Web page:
As the spread of COVID-19 continues on, countries around the world are implementing drastic measures to contain the Coronavirus.

In times like these, businesses especially those of SMEs are the hardest hit due to the general lack of resources, insufficient investment in operational efficiency and high dependence on direct cost-cutting measures and generation of sales revenue to boost profit over the past years. This will result in a domino effect in the economy which ultimately has the greatest impact on the employable population, where a large majority of people may face retrenchment due to business closures, enforced unpaid leave of absence and mandatory pay cuts.

Singapore companies can cope and survive the COVID-19 crisis if they could quickly ledge on at least these 3 things – leverage on the Government Resilience Budget, implement work from home, and digitise core operations.

We highlight several measures that SMEs should seriously consider implementing in order to minimise the effects from the inevitable disruption to their business operations.

1. Leverage on the Government Resilience Budget

In a bid to minimise economic impact this year, the Ministry of Finance has introduced a supplementary Budget package called the Government Resilience Budget to tide job seekers and businesses over this period.

Here are several key relief measures as announced on 26th March 2020 that could benefit SMEs in the immediate term:

Qualifying commercial properties which have been badly affected by COVID-19, such as hotels, will pay no property tax, up from 15% to 30%. All other non-residential properties are to get a new 30% rebate for the year 2020. Landlords are encouraged to pass the savings on to tenants.

To ease cash flow for businesses, an automatic deferment of income tax payments for companies and self-employed workers will be in effect for three months – Companies with corporate Income Tax Payments due in the months of April, May, and June 2020 will be granted an automatic three-month deferment of these payments and will instead be collected in July, August, and September 2020 respectively.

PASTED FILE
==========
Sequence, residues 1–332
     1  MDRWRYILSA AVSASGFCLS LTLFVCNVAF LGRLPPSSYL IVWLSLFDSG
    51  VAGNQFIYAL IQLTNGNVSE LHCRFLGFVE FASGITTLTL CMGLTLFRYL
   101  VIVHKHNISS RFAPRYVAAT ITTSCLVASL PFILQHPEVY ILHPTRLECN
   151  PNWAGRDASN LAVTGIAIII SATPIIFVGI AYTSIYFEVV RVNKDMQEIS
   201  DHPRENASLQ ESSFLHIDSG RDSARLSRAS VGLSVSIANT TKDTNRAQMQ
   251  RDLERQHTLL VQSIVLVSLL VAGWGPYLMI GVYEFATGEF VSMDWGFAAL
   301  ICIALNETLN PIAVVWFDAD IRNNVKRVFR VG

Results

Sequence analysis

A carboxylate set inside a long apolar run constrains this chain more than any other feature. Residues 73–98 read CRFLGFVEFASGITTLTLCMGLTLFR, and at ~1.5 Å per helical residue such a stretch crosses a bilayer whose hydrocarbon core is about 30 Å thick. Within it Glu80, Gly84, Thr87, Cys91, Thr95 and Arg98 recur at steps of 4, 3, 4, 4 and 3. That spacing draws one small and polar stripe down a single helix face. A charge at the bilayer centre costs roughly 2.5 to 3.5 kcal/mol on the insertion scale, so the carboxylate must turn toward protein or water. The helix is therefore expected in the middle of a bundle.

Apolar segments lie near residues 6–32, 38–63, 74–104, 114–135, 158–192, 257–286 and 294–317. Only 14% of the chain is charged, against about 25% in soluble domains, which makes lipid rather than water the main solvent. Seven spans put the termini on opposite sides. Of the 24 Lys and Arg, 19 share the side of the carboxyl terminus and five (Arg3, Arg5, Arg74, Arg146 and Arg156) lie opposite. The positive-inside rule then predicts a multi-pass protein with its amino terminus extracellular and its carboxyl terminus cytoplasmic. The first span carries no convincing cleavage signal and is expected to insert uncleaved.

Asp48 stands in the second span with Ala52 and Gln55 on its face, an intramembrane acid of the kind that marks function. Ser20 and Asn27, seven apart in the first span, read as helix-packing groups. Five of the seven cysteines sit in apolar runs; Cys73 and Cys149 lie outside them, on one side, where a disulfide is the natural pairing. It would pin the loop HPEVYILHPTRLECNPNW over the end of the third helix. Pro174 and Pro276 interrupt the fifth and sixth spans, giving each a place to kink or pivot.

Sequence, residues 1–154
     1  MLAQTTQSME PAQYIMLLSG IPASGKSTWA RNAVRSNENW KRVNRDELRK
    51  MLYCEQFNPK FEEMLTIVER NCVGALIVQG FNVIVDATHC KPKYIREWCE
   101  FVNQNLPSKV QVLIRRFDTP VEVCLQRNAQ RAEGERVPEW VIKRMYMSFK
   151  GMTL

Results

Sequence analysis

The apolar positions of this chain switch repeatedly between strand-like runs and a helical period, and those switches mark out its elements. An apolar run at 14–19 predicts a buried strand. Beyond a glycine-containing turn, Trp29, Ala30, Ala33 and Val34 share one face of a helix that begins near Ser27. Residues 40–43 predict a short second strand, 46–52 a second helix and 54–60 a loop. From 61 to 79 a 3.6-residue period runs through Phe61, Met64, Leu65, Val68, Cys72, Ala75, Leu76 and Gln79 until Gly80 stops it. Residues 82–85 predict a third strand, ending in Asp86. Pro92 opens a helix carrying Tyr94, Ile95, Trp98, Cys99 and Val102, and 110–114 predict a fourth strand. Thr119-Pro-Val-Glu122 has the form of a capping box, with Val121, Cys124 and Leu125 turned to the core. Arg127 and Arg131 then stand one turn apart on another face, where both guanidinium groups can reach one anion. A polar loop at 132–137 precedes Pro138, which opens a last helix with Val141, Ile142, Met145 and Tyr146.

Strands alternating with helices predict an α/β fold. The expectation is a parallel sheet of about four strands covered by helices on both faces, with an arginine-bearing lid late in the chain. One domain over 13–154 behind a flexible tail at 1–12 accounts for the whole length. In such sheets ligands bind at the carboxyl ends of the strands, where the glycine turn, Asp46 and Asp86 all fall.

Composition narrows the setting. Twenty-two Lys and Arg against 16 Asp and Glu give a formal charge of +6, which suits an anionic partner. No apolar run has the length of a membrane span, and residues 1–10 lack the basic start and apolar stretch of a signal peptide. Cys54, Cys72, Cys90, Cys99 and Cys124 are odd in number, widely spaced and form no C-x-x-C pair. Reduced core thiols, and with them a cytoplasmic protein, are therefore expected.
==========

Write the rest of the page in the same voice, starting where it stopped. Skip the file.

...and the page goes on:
• Helping Employees stay Employed

The Jobs Support Scheme and enhanced Wage Credit Scheme introduced earlier in the Budget 2020, will be enhanced with the Government raising its co-funding rate for wages from 8% to 25% for each worker and raise the monthly qualifying wage ceiling to $4,600 from $3,600.

2. Implement Work from Home 

Having employees Work from Home is clearly the preferred option when it comes down to minimising the spread of COVID-19. However easier said than done, there are a few key points you have to look into for this to work.

  • First identify the Job Roles/Scopes this can be applied to;
  • For employees who have been identified to work from home, ensure that they have Sufficient Logistics required to do so. This includes whether they have a laptop/computer at home, if they have been enabled access to the office network (where applicable) and a stable Internet Connection;
  • For employees whose job roles are physically demanding in practice, SMEs can look into utilising their existing skills towards other operations that can be carried out remotely or changing up the mode of delivery of their existing job role.

3. Digitise Core Operations

Most SMEs shun the thought of implementing Work from Home due to the inability to track and measure work that is and has been done. However, there are several online platforms and tools that can assist to do just that and at relatively minimal short-term cost.

  • Leverage on Online Communication Tools such as Zoom to facilitate day to day discussions and meetings, or Slack for internal communication with employees;
  • For SMEs who wish to monitor the time spent on work activity of their employees working from home, they can look into Time-Tracking Applications such as DeskTime and Hivedesk that measures real-time productivity;
  • To effectively keep track on the days where employees are required to take Leave of Absence (LOA) or be compliant to Stay Home Notices (SHN) or Quarantine rules, SMEs can look into Online Leave Management Applications where employees can apply for such Leave themselves via Mobile or Desktop and be accessed on a centralised platform.

Most of these application tools offer Free Trial periods, so SMEs can look into giving these solutions a try at zero cost.

It is the responsibility of employers to have proper planning and be prepared to enforce social distancing measures within the workplace. This may or may not include work from home measures, drafting and communicating out a business continuity plan to their employees. We all have a part to play in curbing the spread of COVID-19, and minimising its economic and social repercussions in this circle of life.

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